Skip to navigationSkip to content

The countries that feel the strongest about abolishing their monarchies

Wendy Parmley, Princess Anne, King Felipe VI, Lord Mayor Andrew Parmley, Queen Letizia and Vice Admiral Sir Tim Laurence at the Guildhall banquet in honor of the state visit by the Spanish Royals
“They love me the most”
By Aamna Mohdin
Published Last updated This article is more than 2 years old.

The Spanish royal family isn’t that well-loved.

According to a recent poll by Ipsos Mori, 37% Spanish respondents are in favor of abolishing their monarchy. Just over 20% didn’t think abolishing the monarchy would make a difference, while 24% thought it would make the future of the country worse. Respondents from Japan were the most loyal subjects; just 4% think abolishing the Japanese Imperial Family would make things better.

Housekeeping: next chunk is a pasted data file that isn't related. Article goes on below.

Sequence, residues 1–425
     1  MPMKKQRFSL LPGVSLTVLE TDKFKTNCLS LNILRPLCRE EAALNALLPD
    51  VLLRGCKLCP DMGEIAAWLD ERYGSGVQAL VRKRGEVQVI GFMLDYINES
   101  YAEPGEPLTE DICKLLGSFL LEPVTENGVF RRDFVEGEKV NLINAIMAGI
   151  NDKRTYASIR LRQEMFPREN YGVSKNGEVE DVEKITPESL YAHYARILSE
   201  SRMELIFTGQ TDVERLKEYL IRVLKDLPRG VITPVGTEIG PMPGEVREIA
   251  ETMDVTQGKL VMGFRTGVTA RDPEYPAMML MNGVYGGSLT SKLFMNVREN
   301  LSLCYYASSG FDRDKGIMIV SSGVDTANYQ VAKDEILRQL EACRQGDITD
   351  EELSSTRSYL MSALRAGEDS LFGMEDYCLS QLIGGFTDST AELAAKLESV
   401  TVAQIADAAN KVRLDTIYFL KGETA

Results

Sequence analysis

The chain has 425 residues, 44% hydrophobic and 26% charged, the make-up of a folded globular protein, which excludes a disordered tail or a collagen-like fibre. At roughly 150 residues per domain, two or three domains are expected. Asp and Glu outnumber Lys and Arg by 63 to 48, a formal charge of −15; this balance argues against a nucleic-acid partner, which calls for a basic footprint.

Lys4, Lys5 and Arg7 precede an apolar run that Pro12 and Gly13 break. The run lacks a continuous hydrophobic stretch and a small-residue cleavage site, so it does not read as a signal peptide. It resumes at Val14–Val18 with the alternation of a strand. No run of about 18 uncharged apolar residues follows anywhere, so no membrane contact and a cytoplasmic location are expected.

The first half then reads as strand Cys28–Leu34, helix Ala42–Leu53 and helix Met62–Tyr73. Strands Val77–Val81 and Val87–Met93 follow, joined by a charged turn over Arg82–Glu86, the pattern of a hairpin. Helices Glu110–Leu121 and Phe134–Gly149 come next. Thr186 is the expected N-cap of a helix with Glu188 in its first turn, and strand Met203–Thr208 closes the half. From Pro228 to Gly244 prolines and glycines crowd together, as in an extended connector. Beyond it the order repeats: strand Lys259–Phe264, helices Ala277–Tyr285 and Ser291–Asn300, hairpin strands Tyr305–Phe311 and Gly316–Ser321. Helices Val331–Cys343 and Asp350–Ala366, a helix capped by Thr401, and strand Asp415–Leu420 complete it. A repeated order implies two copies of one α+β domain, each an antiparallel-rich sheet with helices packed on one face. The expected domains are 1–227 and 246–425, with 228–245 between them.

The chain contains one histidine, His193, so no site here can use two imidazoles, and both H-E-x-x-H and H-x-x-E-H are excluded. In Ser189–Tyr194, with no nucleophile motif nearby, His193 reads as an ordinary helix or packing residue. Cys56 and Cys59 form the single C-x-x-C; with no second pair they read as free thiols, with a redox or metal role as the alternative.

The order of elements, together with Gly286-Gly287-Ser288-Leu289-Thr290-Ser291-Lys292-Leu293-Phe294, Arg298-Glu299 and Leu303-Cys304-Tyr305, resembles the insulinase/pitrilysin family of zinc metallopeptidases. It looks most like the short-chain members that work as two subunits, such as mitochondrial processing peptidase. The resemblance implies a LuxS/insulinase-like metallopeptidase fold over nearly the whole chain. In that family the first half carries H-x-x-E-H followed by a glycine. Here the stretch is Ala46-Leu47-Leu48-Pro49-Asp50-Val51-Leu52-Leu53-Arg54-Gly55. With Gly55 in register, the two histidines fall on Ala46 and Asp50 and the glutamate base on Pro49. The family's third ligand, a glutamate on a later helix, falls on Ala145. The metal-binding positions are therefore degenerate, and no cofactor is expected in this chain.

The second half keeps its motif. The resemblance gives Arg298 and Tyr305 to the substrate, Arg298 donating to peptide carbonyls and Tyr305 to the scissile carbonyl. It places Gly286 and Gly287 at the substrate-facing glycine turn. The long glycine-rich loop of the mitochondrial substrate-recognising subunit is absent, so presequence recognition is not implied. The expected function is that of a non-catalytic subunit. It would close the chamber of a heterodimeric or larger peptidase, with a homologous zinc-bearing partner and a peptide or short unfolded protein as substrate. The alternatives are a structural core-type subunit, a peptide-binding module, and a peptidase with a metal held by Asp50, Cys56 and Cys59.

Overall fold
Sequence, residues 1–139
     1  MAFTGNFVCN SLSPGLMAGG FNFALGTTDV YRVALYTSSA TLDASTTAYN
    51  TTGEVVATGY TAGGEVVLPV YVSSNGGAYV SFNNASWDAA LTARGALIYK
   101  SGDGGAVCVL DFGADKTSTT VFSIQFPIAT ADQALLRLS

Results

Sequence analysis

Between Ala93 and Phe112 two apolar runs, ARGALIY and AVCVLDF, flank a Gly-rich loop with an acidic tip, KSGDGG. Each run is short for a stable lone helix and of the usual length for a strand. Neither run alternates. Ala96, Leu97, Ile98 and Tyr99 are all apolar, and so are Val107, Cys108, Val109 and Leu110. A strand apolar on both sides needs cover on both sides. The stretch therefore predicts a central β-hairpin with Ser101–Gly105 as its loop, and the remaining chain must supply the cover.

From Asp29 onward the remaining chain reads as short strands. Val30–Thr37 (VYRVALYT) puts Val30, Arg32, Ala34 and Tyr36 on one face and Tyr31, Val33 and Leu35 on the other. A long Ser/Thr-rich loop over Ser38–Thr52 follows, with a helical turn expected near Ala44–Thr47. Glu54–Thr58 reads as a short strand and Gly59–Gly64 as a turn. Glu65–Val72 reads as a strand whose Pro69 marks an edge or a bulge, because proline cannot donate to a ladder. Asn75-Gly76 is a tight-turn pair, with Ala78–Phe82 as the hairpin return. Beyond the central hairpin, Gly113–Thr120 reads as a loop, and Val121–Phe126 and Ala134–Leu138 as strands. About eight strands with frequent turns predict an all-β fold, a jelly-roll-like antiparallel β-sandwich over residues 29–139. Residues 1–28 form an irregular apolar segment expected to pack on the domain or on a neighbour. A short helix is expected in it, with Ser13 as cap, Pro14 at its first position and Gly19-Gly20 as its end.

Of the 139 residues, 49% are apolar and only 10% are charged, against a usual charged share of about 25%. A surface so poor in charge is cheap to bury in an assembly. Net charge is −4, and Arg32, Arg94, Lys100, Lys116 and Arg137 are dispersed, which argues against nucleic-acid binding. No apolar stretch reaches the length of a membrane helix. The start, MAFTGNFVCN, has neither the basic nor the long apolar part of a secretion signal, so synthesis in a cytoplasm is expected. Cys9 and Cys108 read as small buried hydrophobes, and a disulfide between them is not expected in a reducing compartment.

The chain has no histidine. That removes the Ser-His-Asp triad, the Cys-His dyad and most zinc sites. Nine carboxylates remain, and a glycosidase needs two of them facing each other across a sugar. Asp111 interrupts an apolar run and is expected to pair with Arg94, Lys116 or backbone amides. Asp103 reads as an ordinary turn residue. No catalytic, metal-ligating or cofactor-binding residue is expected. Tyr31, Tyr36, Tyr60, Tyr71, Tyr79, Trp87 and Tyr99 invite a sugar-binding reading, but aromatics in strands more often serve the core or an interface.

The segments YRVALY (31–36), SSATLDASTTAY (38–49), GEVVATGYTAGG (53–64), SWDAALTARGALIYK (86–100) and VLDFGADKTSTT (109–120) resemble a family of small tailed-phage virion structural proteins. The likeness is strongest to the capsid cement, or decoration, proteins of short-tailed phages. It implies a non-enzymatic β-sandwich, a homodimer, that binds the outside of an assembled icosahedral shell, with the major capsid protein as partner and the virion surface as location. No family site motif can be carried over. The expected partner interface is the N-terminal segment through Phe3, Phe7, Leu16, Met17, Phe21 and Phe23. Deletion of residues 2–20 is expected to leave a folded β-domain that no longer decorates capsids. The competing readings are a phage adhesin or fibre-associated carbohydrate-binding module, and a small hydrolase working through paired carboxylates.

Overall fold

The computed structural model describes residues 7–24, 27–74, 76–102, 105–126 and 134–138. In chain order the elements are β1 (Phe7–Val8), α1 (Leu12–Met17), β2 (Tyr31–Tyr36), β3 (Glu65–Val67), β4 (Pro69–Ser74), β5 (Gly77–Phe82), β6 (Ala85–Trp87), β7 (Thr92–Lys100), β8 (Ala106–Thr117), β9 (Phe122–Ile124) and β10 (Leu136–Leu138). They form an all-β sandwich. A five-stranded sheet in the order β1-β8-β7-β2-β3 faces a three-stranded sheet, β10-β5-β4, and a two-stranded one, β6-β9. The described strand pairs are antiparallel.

In other surveyed countries, there was little appetite to do anything. In Canada and Australia, where Queen Elizabeth II is currently the head of state, the majority of respondents didn’t think abolishing the monarchy would make any difference.

In a separate Ipsos Mori survey (link in Spanish) published last month, more than half of Spanish respondents called for a referendum on the monarchy. The results showed a deep generational divide. Respondents aged 25 to 34-years-old were most in favor of a referendum—over 60% called for one—followed by those aged 15 to 24-years-old (58%).

The Spanish monarchy is known for being Europe’s most scandal-prone royal family. Over the last few years, members of the monarchy have battled corruption charges (paywall), dogged allegations of infidelity, and have been accused of racism.

📬 Kick off each morning with coffee and the Daily Brief (BYO coffee).

By providing your email, you agree to the Quartz Privacy Policy.